Timon catches up and reconciles with Pumbaa and they forgive each other, before then journeying on to Pride Rock. After helping Simba and Nala with a distraction (the "luau" dance), Timon and Pumbaa evade the hyenas and run into Ma and Uncle Max who came looking for Timon (after Ma met Rafiki earlier in the film). Timon proposes that they help simba by getting rid of the hyenas. Whilst Simba fights Scar, Ma and Uncle Max are directed to construct a series of tunnels beneath them, and Timon and Pumbaa use various tactics to distract the hyenas. When the tunnels are finished, Max quickly knocks down the sticks, breaking the ground under the hyenas. However, the last few get stuck and the plan fails. Cornered once again by the hyenas, Timon dives underground and breaks the remaining sticks, completing the cave in, and causing the hyenas to be ejected through the tunnels. Immediately afterwards, Scar is thrown off of Pride Rock by Simba.

Simba accepts his place as king of the Pride Lands, thanking Timon and Pumbaa for helping him. Timon takes Ma, Uncle Max and the meerkat colony to live in the predator-free jungle to complete his "Hakuna Matata." The meerkats and Pumbaa celebrate with Simba, praising Timon as their hero. In the final scene of the film, Ma, Uncle Max, Simba, Rafiki and many other silhouetted Disney character cameos join Timon and Pumbaa to re-watch the film in the cinema. As the film fades to black, Pumbaa reminds Timon that he still doesn't do well in crowds.

Voice cast[edit]

Main
  • Nathan Lane as Timon, a meerkat who is Pumbaa's best friend. Though somewhat self-centered, selfish, and distracted, Timon shows strong loyalty towards his friends. Lianne Hughes and Alexs Stadermann served as the supervising animators for Timon.
  • Ernie Sabella as Pumbaa, a warthog who is Timon's best friend. Though slow-witted, he is very empathic and ready to trust and befriend anyone. He is also claustrophobic and passes gas in crowds. Bob Baxter served as the supervising animator for Pumbaa.
  • Julie Kavner as Ma, Timon's supportive mother. She is quite protective and attached to her son, often trying to get him accepted amongst the colony, but never succeeding. Lianne Hughes served as the supervising animator for Ma.
  • Jerry Stiller as Uncle Max, Timon's paranoid, eccentric but well-meaning uncle. He initially doubts Timon's ability, but warms up to him at the film's climax. Lianne Hughes served as the supervising animator for Max.
  • Matthew Broderick as Simba, Mufasa and Sarabi's son, Scar's nephew, Nala's husband and the current King of the Pride Lands. Matt Weinberg voices Simba as a cub. Bob Baxter served as the supervising animator for Simba.
  • Robert Guillaume as Rafiki, a mandrill who teaches Timon return Hakuna Matata, and gives him faith in himself to do what he dreams of doing. Alexs Stadermann served as the supervising animator for Rafiki.
  • Moira Kelly as Nala, Simba's childhood friend and eventual wife. Most of her dialogue is archived from the original film. She only has one scene with newly recorded dialogue.
  • Whoopi Goldberg, Cheech Marin and Jim Cummings as Shenzi, Banzai and Ed, a trio of hyenas who act as the local predators of Timon's meerkat colony before their allegiance with Scar. Bob Baxter served as the supervising animator for the hyenas.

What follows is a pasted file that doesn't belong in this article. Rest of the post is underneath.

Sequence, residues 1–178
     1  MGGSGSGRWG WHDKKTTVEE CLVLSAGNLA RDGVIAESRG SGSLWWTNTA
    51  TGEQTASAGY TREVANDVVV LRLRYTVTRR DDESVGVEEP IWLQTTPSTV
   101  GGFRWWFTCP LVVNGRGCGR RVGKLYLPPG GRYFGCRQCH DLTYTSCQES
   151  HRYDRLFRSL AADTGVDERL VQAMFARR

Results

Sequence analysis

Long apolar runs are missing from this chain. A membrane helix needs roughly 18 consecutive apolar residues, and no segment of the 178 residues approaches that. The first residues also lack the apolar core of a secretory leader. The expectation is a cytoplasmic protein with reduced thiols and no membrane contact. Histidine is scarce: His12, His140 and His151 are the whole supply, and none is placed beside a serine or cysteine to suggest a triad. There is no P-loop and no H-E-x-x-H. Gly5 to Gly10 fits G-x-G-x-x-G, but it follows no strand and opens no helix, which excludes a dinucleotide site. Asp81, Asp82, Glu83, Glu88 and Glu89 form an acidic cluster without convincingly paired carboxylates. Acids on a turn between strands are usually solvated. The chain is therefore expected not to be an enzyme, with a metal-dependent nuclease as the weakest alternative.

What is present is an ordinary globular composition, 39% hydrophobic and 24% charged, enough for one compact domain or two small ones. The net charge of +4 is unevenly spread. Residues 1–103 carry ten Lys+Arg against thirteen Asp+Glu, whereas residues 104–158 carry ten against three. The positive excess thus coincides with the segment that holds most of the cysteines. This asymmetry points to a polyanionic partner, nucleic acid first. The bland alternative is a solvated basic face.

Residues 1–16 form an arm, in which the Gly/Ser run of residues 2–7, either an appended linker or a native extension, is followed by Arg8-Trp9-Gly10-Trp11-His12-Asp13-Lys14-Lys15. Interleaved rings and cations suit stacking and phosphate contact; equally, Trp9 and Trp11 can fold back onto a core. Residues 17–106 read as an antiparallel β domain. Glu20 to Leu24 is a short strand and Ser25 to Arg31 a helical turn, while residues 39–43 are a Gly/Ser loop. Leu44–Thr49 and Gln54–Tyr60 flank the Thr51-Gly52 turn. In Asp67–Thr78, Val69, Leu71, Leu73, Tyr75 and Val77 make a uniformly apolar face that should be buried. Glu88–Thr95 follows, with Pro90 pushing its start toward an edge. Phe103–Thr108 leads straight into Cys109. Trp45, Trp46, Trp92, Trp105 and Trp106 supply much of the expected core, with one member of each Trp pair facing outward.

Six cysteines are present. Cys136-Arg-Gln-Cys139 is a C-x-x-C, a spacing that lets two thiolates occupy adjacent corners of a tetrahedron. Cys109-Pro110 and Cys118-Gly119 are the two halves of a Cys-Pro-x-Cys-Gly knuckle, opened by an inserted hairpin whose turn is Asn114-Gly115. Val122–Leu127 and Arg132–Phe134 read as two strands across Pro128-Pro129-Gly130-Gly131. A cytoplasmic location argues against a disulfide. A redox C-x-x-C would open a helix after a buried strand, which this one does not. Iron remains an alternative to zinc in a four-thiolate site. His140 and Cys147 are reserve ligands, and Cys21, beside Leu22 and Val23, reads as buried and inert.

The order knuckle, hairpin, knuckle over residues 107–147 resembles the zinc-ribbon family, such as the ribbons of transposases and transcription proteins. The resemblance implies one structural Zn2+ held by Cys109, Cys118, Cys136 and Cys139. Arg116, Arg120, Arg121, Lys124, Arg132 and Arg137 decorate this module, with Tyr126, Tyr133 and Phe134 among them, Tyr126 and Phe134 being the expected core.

• Edward Hibbert as Zazu, a hornbill and the loyal adviser of The Lion King.
  • Jason Rudofsky as Iron Joe, a meerkat who served as the colony's sentry before Timon took over his post.

Production[edit]

In April 2000, it was announced that the Walt Disney Company selected Jeff Ahlholm, Colin Goldman, and Tom Rogers to write the script for The Lion King 3. It was scheduled to arrive in video stores sometime in 2001.[1] In May 2003, it was announced The Lion King 1½ will be scheduled for home video release in early spring 2004 with Nathan Lane, Ernie Sabella, and Matthew Broderick reprising their original roles, and Elton John and Tim Rice returning to compose a new song, "Meerkat Rhapsody".[2]

Release[edit]

Upon its initial home video release, The Lion King 1½ was accompanied by with a marketing campaign tie-in with McDonald's with six Happy Meal toys including Simba, Rafiki, Timon, Pumbaa, Mufasa and Ed.[3]

Home video[edit]

In May 2003, the DVD edition was confirmed to include music videos, deleted scenes, behind-the-scenes views of how the movie was made, and two featurettes: Timon -- The Early Years; a mockumentary tracing Timon's childhood through tongue-in-cheek interviews with family and friends; and Disney's Funniest Moments, highlighting Disney animated characters from the Seven Dwarfs to Brother Bear. Two games are also featured, including a virtual safari backlot tour through the Pride Lands and a Lion King trivia game in the format of Who Wants to Be a Millionaire, titled Who Wants to Be King of the Jungle?, and hosted by Meredith Vieira, then-host of the current syndicated U.S. syndicated version.[2] In February 2004, more than 3 million copies of its VHS and DVD units were sold in its first days.[4] That same month, Variety reported the film sold about 2.5 million out of 3.1 million DVD copies before its first weekend generating about $55 million in its first three days of release.[5] A DVD boxed set of the three Lion King films (in two-disc Special Edition formats) was released on December 6, 2004. In January 2005, the film, along with the sequels, went back into moratorium.[6]

The Lion King 1½ was first released on Blu-ray in an eight-disc box set trilogy set on October 4, 2011.[7] It received its separate Blu-ray release on March 6, 2012, just like The Lion King II: Simba's Pride. It was produced in two different packages, a 2-disc version with Blu-ray and DVD, and a DVD edition.[8]